Executing the plan perfectly on a Co. Sligo dairy farm
Unhappy with the performance of their dairy farm, in terms of grass growth and reproductive performance, Brian and Pamela Conlon joined the Aurivo Farm Profitability Programme in 2014.
This programme is being coordinated by Dr. Roberta McDonald; it aims to increase output on farms, improve farm efficiencies and result in greater profitability for the farmers involved.
The Conlons were just one of the six participants involved in phase one of the programme. Earlier this week, the husband-and-wife team opened the gates of their Co. Sligo holding to highlight some of the improvements made over the past three years.
Farming just outside Templeboy, Co. Sligo, the Conlons are currently milk a herd of 80 predominately British Friesian cows under a spring-calving system. Last year, the average cow in the herd produced 5,100L at 4.21% fat and 3.5% protein.
Along with striving to meet the programme’s objectives, the Conlons aimed to create a more streamlined system of farming to allow for a “good work-life balance”.
Over the duration of the programme, they have made many changes to their farm. These include: reseeding; fertiliser planning; new grazing infrastructure; an increased focus on heifer rearing; and an improved six-week calving rate.
Looking back to 2015, the Sligo-based farm grew just 7.9t/ha of grass. However, this has dramatically increased and the farm is on target to grow close to 14t/ha this year.
There were many changes made to facilitate this increase. Firstly, 20 soil samples were taken from the grazing block in an effort to improve soil fertility – the backbone to effective grassland management.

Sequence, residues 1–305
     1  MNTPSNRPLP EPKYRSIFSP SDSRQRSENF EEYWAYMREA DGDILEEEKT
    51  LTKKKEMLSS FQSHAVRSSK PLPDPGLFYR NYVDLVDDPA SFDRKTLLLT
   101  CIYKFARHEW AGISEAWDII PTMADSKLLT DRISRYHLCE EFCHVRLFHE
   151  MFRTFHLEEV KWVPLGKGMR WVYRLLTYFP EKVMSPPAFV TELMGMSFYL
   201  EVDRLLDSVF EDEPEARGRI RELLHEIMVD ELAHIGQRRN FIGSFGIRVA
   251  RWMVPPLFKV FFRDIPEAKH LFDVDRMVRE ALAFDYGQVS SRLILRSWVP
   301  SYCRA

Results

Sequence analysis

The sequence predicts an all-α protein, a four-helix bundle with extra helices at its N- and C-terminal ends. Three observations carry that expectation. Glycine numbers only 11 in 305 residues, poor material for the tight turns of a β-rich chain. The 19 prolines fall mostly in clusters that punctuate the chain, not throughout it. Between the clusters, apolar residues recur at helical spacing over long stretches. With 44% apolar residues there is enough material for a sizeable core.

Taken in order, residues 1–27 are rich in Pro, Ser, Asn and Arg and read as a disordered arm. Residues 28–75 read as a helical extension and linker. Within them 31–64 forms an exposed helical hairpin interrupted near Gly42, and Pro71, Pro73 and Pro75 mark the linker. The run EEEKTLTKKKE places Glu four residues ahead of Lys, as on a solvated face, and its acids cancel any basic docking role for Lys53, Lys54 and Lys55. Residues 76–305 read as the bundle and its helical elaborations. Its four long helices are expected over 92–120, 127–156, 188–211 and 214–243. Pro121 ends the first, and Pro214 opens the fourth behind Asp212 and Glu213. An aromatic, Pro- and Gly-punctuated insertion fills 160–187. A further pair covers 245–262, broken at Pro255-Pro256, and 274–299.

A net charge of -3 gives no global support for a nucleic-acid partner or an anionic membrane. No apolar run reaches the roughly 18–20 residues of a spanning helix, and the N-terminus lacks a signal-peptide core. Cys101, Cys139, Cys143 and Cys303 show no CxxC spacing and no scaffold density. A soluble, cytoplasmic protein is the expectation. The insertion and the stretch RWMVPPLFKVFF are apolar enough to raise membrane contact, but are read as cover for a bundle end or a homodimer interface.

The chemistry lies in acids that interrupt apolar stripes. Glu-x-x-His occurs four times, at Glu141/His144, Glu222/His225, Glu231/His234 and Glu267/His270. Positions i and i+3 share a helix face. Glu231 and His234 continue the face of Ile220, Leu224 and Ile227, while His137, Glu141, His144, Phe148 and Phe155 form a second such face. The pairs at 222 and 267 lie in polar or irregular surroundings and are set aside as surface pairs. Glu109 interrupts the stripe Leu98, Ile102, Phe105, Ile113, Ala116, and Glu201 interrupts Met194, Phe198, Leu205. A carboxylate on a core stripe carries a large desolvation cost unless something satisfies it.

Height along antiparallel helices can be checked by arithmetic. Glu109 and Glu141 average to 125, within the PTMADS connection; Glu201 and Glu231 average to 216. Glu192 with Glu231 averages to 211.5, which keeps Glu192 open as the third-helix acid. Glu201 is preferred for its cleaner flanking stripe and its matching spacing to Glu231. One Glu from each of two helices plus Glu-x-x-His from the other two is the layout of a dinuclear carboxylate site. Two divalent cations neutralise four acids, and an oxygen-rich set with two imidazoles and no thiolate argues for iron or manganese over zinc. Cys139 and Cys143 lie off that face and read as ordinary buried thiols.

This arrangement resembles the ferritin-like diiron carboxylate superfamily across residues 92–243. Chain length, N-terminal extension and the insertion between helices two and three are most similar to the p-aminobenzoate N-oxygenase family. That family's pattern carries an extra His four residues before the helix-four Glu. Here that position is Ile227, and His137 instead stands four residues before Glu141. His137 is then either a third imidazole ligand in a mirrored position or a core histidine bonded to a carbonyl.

The results showed that 93% of the samples had a pH of below six; just one of the samples achieved a pH score above six. On the back of these results, lime is now spread at a rate of 2t/ac every four years.
The soil sample results also showed that 90% of the grazing block was index 1 for phosphorous (P); there were no index 2 soils and just 10% were index 3.
Given these results, a strict fertiliser programme is now in place and 100 units of urea are applied to the grazing block before May 1.
Brian Conlon commented: “At the start of the programme, I was apprehensive with the high-nitrogen input so early in the year, when ground temperatures were low.
“However, it has resulted in a greener sward which achieves a better clean-out when grazed.”
Following on from the urea, two bags of 18-6-12 are applied mid-April. Then, following the cows, 20-30 units of nitrogen (urea), along with P and K (18-6-12) are applied.
30-40 units of nitrogen are applied before the last grazing – leaving four-to-five weeks of grazing ahead – setting the farm up nicely for next spring.
Cian Devaney, the Conlons’ local Teagasc advisor, said: “By missing one of the four requirements – be it lime, phosphorous, potassium or nitrogen – it’s impossible to utilise grass to the full extent. To grow 14t/ha in a year, 25 units of P must be applied.
The Conlons aim to turn cows out to grass between February 10 and February 15 every year. They also target to have 30% of the milking platform grazed by March 1 and the entire area grazed by April 15.
In addition, the farm also operates an autumn rotation planner. This ensures better clean-outs late in the season, resulting in good-quality grass being available next spring.
The husband-and-wife team hope to have 70% of the block grazed by November 1; depending on the weather, the remainder will be grazed throughout the rest of November.
A reseeding programme has also been put in place on the farm. Over the last three years, 30% of the milking platform has been reseeded. As a result, sluggish, older grasses have been gradually replaced with newer, high-yielding varieties.
Conlon stated: “While it is important to have ryegrass present in the sward, late intermediate tetraploids have worked well here. Currently, we have got nine grazings from one paddock and maybe another one, weather depending.”
This year, half of the farm has been cut for top-quality surplus bales (335).
“These bales play a vital role in our system; we are in a high-rainfall area and the overall picture can change overnight,” he added.